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Be Bop Deluxe - Live In The Air Age CD (album) cover

LIVE IN THE AIR AGE

Be Bop Deluxe

 

Crossover Prog

3.52 | 16 ratings

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Easy Livin
Special Collaborator
Honorary Collaborator / Retired Admin
3 stars No modern music here

After a series of creditable studio albums, Be Bop Deluxe released this live coda to their most creative years. A further studio album "Drastic plastic" would be released in the band's name the following year, but it would be a poor relation to albums such as "Sunburst finish". According to Nelson, the band considered their live performances to be completely separate to their studio albums, in that they were, as he puts it, "a single event, experienced then gone forever". His decision to release this album was based on the fact that Be Bop Deluxe were "opening a new chapter in their development". The recordings are all taken from a UK tour by the band in the spring of 1977.

There are songs here from each of the first three albums, with "Sunburst finish", understandably contributing no less than four. Interestingly, there is nothing from the then current album "Modern music". Three of the "Sunburst Finish songs feature on the first side of the live LP. "Life in the air age", which is adapted slightly for this album's title, and "Ships in the night" kick things off, the latter being a rather pared back version of the band's biggest hit single, devoid of the sax playing of Nelson's brother Ian.

A couple of the songs here had not previously been recorded although the first, "Piece of mine", had been played live for about 2 years. It is a rather prosaic mid-paced new wave influenced song which appears to leave the audience only politely impressed.

The 9 minute "Shine", which occupies the whole of one side of the EP, is a lengthy jam featuring the keyboards (mainly piano) of Andy Clark and of course Bill Nelson's guitar. The second side of the EP contains two tracks from "Futurama". Both songs contain some good guitar work, but it is kept all too brief.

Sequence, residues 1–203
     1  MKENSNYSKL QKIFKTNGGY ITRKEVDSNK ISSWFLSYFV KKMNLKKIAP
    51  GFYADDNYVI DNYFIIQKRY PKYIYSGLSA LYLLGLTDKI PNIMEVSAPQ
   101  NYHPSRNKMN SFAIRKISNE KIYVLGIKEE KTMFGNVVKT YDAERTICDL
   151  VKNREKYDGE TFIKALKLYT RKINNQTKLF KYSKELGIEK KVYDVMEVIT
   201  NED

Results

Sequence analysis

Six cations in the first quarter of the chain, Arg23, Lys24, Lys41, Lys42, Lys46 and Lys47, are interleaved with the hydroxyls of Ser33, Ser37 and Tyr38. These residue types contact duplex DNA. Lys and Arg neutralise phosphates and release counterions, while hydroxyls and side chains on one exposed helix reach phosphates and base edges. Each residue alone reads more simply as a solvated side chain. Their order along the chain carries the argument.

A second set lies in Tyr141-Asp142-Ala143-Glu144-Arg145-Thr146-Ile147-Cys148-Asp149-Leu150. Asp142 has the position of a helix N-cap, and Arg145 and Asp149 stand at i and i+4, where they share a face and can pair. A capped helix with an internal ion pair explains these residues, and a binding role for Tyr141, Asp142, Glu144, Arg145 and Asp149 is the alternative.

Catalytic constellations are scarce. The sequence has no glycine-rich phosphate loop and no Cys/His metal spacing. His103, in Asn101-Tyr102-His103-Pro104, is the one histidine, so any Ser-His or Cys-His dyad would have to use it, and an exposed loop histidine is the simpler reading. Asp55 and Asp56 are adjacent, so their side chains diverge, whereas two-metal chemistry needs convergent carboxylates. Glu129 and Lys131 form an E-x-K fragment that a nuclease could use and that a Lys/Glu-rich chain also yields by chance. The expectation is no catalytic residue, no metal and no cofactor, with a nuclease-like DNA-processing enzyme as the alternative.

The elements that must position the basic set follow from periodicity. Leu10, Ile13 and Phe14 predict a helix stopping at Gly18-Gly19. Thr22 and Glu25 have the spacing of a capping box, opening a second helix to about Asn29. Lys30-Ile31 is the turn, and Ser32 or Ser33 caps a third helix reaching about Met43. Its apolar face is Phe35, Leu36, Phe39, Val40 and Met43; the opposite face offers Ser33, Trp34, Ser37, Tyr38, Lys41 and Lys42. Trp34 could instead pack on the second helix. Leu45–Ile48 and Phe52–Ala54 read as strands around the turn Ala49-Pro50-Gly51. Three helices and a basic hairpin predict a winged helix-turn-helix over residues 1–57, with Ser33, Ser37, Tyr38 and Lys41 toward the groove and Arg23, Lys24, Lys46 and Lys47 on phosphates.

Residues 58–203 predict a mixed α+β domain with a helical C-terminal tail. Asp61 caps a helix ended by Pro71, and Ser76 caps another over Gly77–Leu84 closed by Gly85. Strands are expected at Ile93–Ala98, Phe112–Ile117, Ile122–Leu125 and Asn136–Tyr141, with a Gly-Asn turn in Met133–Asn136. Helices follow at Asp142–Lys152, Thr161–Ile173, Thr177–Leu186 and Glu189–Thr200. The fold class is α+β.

The second side of the LP contains just three songs. "Mill street junction" is the second of the previously unrecorded songs. It was written by Nelson soon after he formed Be Bop Deluxe, but it never made it onto an album. The lyrics lack the maturity of later material such as the songs on "Modern Music", but it sounds reasonably good in a live environment. "Adventures in a Yorkshire landscape" is considerably extended from its original version on "Axe victim". This is primarily to allow Nelson to finally come forward with one of his fine lead guitar solos. This is what makes this collection worthwhile, and is by far the best thing on the album. We close with a fourth track from "Sunburst finish", "Blazing apostles", which wraps things up superbly in upbeat fashion.

Apart from the excellent "Adventures in a Yorkshire landscape", there is little here to get excited about. The previously unheard songs will only be of interest to the devoted fan of the band, and the versions of the rest are competent but unremarkable. One major disappointment is the absence of "Crying to the sky", which for me is the best song the band recorded. Nelson's guitar work would surely have sounded wonderful played live.

Incidentally, the correct running order according to the LP sleeve is to play side A of the album, then sides A and B of the EP, then side B of the album.

Easy Livin | 3/5 |

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